🥈It’s OK for Your Startup to be #2 🥈

By Micah Rosenbloom, Managing Partner

🎉 Good News: You’ve just founded a startup with a unique take on the market. Sales are humming and you raised from a top seed firm!

☠️ Bad News: You’ve got three direct competitors that each raised 3X as much and are getting better PR.

What do you do?

The overstuffed VC market has led this scenario to play out at least a dozen times over the last few years. A competitor raising a bunch of money and even taking an early lead in the market doesn’t mean the end of your startup. If you play it right…

Few startups actually have winner-takes-all/network effects dynamics. Casper Mattresses leads its space in metrics like money raised and public awareness, but *TWO* of its competitors have been acquired for over a billion dollars — each!

It’s tempting to use your competitors fundraising success as an incentive to go raise your own war chest. This is almost always a mistake. Eric Paley explains why here:

One way to keep focused is by paying attention to your customers. Is there a customer profile or acquisition that’s just not performing? Fire these customers ASAP. You’ll take a short-term hit but will have more money for high-value growth.

Often, when startups raise a lot of money, growth at any cost becomes the mantra. This is fine as long as the investors stay confident, but eventually, patience runs out. Hopefully, by then you’ve unlocked profitable growth engines.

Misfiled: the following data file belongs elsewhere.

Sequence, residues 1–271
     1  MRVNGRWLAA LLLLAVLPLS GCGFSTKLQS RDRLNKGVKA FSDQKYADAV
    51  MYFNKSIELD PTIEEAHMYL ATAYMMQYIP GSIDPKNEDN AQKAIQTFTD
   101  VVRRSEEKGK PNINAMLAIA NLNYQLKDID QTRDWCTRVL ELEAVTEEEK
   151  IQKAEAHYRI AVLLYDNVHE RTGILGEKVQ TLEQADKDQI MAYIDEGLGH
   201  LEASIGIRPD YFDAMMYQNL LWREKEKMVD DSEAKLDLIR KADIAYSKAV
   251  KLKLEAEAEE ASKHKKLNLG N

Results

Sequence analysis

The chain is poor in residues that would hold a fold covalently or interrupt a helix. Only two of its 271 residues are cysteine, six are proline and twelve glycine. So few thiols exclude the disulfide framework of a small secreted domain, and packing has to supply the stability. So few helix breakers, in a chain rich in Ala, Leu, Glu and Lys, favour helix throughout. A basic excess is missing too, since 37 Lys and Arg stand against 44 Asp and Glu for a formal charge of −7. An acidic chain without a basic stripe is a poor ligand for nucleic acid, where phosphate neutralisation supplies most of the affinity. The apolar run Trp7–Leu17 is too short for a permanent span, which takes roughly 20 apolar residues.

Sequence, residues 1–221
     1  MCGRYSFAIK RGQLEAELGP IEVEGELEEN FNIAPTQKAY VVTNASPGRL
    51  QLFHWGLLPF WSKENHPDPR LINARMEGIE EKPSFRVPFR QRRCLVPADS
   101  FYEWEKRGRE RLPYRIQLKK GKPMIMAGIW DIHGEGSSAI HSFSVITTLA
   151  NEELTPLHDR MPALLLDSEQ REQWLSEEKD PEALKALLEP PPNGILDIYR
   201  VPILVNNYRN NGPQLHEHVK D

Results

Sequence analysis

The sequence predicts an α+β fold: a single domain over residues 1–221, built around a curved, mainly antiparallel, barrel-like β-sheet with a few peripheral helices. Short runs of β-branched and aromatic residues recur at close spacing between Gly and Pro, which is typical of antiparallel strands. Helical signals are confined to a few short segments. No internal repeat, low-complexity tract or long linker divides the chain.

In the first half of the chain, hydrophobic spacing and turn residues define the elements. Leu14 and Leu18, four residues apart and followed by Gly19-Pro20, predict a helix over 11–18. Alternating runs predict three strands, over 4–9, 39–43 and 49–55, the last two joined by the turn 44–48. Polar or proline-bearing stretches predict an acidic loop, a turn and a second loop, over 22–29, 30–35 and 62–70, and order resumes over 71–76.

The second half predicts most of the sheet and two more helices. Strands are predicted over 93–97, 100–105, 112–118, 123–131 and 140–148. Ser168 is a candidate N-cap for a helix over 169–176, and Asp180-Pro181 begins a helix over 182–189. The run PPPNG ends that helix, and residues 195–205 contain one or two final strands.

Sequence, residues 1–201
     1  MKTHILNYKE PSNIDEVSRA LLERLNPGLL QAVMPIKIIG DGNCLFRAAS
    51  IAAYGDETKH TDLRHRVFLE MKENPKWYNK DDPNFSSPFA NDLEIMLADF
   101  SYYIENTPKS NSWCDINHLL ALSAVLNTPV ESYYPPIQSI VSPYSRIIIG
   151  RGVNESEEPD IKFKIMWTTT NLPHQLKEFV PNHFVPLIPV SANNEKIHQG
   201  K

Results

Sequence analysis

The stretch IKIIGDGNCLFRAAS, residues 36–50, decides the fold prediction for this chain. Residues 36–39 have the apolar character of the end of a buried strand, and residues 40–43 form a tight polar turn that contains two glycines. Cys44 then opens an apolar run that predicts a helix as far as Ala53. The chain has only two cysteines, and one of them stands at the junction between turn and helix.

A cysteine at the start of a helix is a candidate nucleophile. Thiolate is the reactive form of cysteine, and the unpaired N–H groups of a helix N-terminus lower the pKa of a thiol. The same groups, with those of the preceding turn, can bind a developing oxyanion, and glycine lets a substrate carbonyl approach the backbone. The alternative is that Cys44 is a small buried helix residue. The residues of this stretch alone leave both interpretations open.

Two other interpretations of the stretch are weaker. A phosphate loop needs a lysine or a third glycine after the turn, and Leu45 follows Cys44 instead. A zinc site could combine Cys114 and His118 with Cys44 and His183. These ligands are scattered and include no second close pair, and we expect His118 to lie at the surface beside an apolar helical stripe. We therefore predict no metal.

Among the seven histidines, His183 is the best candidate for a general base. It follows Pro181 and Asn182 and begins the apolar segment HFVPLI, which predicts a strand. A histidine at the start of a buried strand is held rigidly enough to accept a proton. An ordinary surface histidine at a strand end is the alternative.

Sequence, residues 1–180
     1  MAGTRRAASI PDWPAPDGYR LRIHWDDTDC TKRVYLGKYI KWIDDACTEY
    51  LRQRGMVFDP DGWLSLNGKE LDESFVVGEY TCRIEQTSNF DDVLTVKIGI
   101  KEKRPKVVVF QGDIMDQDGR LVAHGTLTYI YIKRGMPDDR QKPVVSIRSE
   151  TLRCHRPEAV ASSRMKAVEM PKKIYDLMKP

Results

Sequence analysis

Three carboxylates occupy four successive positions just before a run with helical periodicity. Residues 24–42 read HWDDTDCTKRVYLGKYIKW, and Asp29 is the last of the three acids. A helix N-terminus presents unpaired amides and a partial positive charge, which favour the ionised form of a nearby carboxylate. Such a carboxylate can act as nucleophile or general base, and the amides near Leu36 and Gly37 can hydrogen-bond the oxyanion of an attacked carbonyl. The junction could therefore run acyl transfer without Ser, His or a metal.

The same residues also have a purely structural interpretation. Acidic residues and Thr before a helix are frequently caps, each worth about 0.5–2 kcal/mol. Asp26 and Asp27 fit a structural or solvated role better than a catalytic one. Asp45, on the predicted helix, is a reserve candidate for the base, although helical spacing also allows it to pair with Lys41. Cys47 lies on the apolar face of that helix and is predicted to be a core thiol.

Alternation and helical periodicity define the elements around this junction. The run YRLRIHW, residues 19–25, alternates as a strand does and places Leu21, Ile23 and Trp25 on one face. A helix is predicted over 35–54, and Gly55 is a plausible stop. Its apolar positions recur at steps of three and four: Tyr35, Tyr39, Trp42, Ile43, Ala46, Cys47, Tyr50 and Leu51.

There was a time when Reddit was thought to be *doomed* because Digg raised a lot more VC. The easy money ended up killing Digg, and Reddit is now a top 10 web property. Be patient!

Playing the long-game is the right play, but you do need to keep your team/VCs believing that you’ll win in the end. Spend some time rethinking your startup’s positioning. Try to create a new category so you’re not bucketed with everyone else.

When you’re losing the PR battle, your existing VCs will become critically important in pitching the next round of investors. Give them crystal clear bullet points about why you’re the next big company, not the also-ran.

A lot of this advice is based on the premise that the market leader is using capital as a crutch and doesn’t have a path to viability. If the company is out to a major lead *and* executing well, it may be worth kicking off an M&A process.

There’s nothing more galling than having to explain your startup by referencing another startup. But remember the fable of the tortoise and hare. The basic lessons apply in this startup scenario as well.

In summary:

😡 Don’t let frustration dictate your fundraising

📈 Focus on unit economics and product/market fit, not scale

📓 Find a new way to tell your story In time (and with a little luck) you may swap silver for gold.

Have an idea for a market-leading product (or a strong #2)? Reach out at Contact@FounderCollective or follow us on Twitter @fcollective.

Our mission is to be the most aligned VC for founders at seed. #ProudInvestor in @Uber @TheTradeDeskinc @Buzzfeed @Cruise @Diaandco @PillPack @SeatGeek & more.

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